Wednesday, August 21, 2013

The Big Drum in the Sky Religion-Hell Hath No Fury; 3 CD-r set; Beard of Snails Records, 2013

Disaster Amnesiac completely understands why these three separate releases from The Big Drum in the Sky Religion have been packaged into one deluxe package from Beard of Snails. Each of them features this big, bombastic drone, under which different instrumental or Musique Concrete passages reside. A bit more on the latter shortly. First, I'd like to describe the former a bit, seeing as it is such a vital element to all three discs.

The best way that Disaster Amnesiac can describe the central drone that runs across all of the well over three hours of music on Hell Hath No Fury is to compare it with that of Metal Machine Music, in that it has the same high end, ultra-treble-ey ping. Within that densely layered wall of sound reside all kinds of micro-tones and high end frequency whorls. As I've listened, it has brought up images of mighty rivers, clanging junkyard action, windy mountain peaks, humans screaming and crying, and tornadoes, just to list a few. For those that love to listen to these types of massive drones, the appeal seems to reside within the endless variations of sound that can be heard within the ostensible chaos. The Big Drum in the Sky Religion has presented a masterful example of such a drone herein.
Now, for the component parts of the release:

Hymn to the Beast With Two Backs-this one is the most traditional of the trilogy, featuring guitar and drums dueling it out for most of its over 70 minutes' duration. Breaking up the scrawl is one floaty, almost ambient passage, after which the cathartic pounding continues, eventually leading to some plaintive banjo strumming. This one is like a Metal Machine Music dance mix.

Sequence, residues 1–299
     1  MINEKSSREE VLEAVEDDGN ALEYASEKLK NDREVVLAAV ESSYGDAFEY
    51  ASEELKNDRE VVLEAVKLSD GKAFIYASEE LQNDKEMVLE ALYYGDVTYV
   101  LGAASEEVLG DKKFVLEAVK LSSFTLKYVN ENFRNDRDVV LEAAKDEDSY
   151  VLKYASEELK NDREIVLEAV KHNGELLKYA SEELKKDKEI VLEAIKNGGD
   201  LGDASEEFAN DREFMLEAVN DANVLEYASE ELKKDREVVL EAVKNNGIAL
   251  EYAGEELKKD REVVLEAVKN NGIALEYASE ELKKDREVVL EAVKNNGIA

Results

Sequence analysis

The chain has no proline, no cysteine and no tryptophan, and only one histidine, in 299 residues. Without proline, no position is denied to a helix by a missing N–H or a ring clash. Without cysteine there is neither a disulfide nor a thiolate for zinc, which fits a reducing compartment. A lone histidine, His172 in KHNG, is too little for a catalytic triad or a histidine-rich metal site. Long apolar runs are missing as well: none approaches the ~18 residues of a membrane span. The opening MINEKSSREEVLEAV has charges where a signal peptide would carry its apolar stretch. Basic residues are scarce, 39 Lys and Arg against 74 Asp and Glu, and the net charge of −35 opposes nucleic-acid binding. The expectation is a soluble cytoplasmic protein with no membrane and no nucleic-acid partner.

Rangda Electric-here we find the overall drone paired with Indonesian-sounding bells and what sounds like chanting. Disaster Amnesiac wonders if these are recording made by the principle artist of  The Big Drum in the Sky Religion, or older field recordings from an LP? Rangda runs continuously for over an hour before ending with yet another banjo piece.

Vodou Chile-simultaneously my favorite disc of the release and the biggest disappointment for me. Disappointing because my copy has a skip that just won't go away, no matter the cleaning solution used. Favorite because of its percussive, almost steel drum sounding banjo and cutting electric guitar caterwaul. The banjo achieves Doc Boggs levels of mountain primitive underneath the pervasive drone. Disaster Amnesiac just wishes that he could get to the end of this ceremony!

The Big Drum in the Sky Religion has been shamanizing in and around Harrisonburg, VA for many moons now. There are many recordings available, and for free to boot, at their web page. Anyone who enjoys long drones or noise would do well to avail themselves of a few of their rituals.

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